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How often do you find yourself complaining that you don’t have enough time? Or that you’re swamped with tasks you don’t manage to fit into the day?

In our busy lives it is essential to learn to manage our time properly to avoid procrastination and feeling overwhelmed. Here are a few simple tips that can help:

How often do you find yourself complaining that you don’t have enough time? Or that you’re swamped with tasks you don’t manage to fit into the day?

In our busy lives it is essential to learn to manage our time properly to avoid procrastination and feeling overwhelmed. Here are a few simple tips that can help:

1. The alarm clock struggle: are you fighting every morning with your alarm clock, hitting the snooze button up to the last minute and then rushing to try to get to work in time? Do you end up being late to work or arriving there all sweaty and out of breathe ready for another shower?!

The first change that you need to make is to evaluate accurately how much time you need to get ready in the morning. Realistically. And from there set your alarm at the correct time. Now if you’re waking up style is to snooze a few times whilst you progressively wake up, simply evaluate how much time you need for your snooze routine and set your alarm clock accordingly. Meaning that if you need 15mn snoozing time and 1h to get ready, set your alarm clock 1.15mn before you’re due to leave the house.

However in reality, the snooze element ends up being a time trap as we are rarely awake enough at that time to consciously make the choice to stop snoozing and get up with enough time on our hands. And that’s how we end up rushing and spilling the coffee on that bright white shirt right before crossing the door step.

So I suggest dropping the snooze routine and put your alarm clock out of hand reach so when it rings, you actually have to get up to switch it off. If you’re still struggling, I would suggest placing it out of your bedroom door and set an unpleasant sound so it makes it more difficult to go back to bed after getting up to switch it off 🙂

2. Getting out of the house: so you’ve now succeeded to get up with enough time on your hand to get ready, have breakfast, listen to the news and get dressed, however you still end up rushing out of the door. Could you be distracted by your electronic devices? We tend to be oblivious to the amount of time we spend on our phones: how long do you think you spend on your smart phone per day? Would you be surprised to know that on average we spend more time on our phones than with our partners?

A lot of the time we plan time to get ready before leaving the house, but we don’t include the time we spent checking and replying to the texts or emails we’ve just received. That takes up time and contributes to take us off track and delay us even more.

I suggest to put your devices in your bag or coat pocket whilst you’re getting ready and only check it once you’re out of the house. You might be surprised on how easier it becomes to be on time!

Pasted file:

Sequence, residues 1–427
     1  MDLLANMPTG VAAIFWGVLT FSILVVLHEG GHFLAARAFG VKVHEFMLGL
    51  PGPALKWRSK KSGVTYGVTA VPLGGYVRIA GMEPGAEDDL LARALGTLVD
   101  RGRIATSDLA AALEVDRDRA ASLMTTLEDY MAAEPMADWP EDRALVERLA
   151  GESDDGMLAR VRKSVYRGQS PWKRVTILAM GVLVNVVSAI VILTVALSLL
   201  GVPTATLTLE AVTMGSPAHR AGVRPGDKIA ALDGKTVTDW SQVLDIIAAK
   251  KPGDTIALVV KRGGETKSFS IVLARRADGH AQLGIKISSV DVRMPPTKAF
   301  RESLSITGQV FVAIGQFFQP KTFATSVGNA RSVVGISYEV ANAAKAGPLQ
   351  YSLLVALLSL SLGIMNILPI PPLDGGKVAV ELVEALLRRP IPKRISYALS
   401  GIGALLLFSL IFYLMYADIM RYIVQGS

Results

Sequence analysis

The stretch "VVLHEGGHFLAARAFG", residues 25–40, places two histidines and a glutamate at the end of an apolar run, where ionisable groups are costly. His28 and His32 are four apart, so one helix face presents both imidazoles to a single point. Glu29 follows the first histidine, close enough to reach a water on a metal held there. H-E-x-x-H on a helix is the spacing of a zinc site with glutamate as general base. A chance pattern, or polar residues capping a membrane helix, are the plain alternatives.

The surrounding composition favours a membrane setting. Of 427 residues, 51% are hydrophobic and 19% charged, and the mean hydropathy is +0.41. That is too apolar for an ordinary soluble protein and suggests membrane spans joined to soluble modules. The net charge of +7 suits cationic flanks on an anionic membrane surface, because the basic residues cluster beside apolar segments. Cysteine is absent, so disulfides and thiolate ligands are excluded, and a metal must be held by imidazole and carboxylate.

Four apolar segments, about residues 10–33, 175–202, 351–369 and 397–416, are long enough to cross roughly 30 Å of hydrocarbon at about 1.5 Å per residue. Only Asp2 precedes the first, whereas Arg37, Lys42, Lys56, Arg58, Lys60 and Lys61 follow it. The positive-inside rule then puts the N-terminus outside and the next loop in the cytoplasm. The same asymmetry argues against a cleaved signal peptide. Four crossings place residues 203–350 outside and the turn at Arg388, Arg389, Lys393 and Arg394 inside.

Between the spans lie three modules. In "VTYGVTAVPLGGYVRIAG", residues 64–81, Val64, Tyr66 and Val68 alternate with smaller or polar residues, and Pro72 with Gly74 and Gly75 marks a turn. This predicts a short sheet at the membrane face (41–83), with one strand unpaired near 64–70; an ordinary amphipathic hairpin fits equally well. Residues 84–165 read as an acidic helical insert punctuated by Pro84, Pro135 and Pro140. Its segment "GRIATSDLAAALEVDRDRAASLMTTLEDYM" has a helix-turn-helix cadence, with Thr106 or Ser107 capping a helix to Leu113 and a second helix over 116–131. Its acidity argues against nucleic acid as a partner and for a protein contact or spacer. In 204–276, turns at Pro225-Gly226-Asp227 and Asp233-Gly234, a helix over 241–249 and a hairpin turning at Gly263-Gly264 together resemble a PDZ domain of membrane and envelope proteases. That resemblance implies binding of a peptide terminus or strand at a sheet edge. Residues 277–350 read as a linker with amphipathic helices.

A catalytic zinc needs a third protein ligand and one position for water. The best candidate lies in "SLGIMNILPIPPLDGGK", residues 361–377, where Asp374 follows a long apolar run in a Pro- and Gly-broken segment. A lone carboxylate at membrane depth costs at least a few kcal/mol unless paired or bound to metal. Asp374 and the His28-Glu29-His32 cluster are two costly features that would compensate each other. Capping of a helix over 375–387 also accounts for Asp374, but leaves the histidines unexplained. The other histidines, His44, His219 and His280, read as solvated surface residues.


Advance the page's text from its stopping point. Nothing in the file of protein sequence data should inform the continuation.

3. The social media trap: once you’ve hopefully managed to get up on time and enjoy a relaxing beginning of the day, you may find yourself panicking at the sight of your ever growing to-do list. And decide to take a break by checking Facebook or Twitter “just for a minute” and before you know it, 2h have passed and you’re even more behind on your schedule. Social media can be very addictive and seriously hinder your productivity. However we all need some down time during the day to recharge our batteries.

In my daily schedule, I actually plan my social media time and internet surfing in my diary and stick to it as if it was an appointment. In my busiest day when I have to commute a lot for example, I choose to do the social media part or even my emails during my commuting time. Hence meeting both my need for entertainment and breaks from work and the one about using my time in the most productive way.

4. The diary secret: I hear a lot of people complaining they don’t have the time to go to the gym, read or go shopping or do something that is not purely work. If it is important enough for you, the best way to make sure you actually allow time for that activity is to schedule it in your diary as if it was a work appointment. I generally sort out my diary once a week and schedule everything in for that week to make sure I keep a good work-life balance and allocate myself some me-time. In this way when I am asked to do something extra that isn’t in my diary, it allows me to first check if that will take over my personal time and make a conscious decision about it.

Watch out however to be realistic in the planning and commuting, making sure you allow time to shift from one activity to the other. If you are scheduling 1h to the gym, make sure you take on board how long it will take you to get there, get changed etc. and include it in your diary.

5. The Giant to-do list: my current to do list has got 24 items and if I look at it my first instinct is to run away and go on Facebook instead 🙂 so I’ve decided to prioritise it and chunk it down. I choose what is urgent with a deadline that has to be dealt with today and that goes on the top of my list. Then further down is what is less urgent and doesn’t have a deadline. I then decide by when I want or need them to be sorted, look at my diary and assign a due date to them. I am using a very useful app called wunderlist that syncs with all my devices and reminds me when the task is due.

Now your turn! What do you do to optimise your time?

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